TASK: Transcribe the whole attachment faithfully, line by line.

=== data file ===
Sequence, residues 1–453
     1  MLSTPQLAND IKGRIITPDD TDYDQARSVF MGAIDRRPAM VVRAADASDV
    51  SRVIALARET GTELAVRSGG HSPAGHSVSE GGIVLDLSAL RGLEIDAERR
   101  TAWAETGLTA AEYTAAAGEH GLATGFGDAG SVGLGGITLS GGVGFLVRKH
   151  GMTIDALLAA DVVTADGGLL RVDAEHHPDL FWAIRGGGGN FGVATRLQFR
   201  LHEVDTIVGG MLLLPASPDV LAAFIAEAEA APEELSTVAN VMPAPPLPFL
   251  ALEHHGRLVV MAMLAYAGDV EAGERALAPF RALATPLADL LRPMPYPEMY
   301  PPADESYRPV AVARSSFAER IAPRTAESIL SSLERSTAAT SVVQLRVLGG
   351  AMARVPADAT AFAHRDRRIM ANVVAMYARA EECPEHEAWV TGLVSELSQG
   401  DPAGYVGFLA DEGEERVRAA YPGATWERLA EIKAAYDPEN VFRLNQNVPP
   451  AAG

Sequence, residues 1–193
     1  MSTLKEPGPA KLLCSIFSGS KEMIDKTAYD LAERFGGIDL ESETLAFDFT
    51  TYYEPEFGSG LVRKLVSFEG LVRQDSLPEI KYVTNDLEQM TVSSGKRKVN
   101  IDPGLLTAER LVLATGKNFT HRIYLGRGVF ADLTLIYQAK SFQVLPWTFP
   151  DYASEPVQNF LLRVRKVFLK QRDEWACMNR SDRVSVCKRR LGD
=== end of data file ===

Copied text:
Sequence, residues 1–453
     1  MLSTPQLAND IKGRIITPDD TDYDQARSVF MGAIDRRPAM VVRAADASDV
    51  SRVIALARET GTELAVRSGG HSPAGHSVSE GGIVLDLSAL RGLEIDAERR
   101  TAWAETGLTA AEYTAAAGEH GLATGFGDAG SVGLGGITLS GGVGFLVRKH
   151  GMTIDALLAA DVVTADGGLL RVDAEHHPDL FWAIRGGGGN FGVATRLQFR
   201  LHEVDTIVGG MLLLPASPDV LAAFIAEAEA APEELSTVAN VMPAPPLPFL
   251  ALEHHGRLVV MAMLAYAGDV EAGERALAPF RALATPLADL LRPMPYPEMY
   301  PPADESYRPV AVARSSFAER IAPRTAESIL SSLERSTAAT SVVQLRVLGG
   351  AMARVPADAT AFAHRDRRIM ANVVAMYARA EECPEHEAWV TGLVSELSQG
   401  DPAGYVGFLA DEGEERVRAA YPGATWERLA EIKAAYDPEN VFRLNQNVPP
   451  AAG

Sequence, residues 1–193
     1  MSTLKEPGPA KLLCSIFSGS KEMIDKTAYD LAERFGGIDL ESETLAFDFT
    51  TYYEPEFGSG LVRKLVSFEG LVRQDSLPEI KYVTNDLEQM TVSSGKRKVN
   101  IDPGLLTAER LVLATGKNFT HRIYLGRGVF ADLTLIYQAK SFQVLPWTFP
   151  DYASEPVQNF LLRVRKVFLK QRDEWACMNR SDRVSVCKRR LGD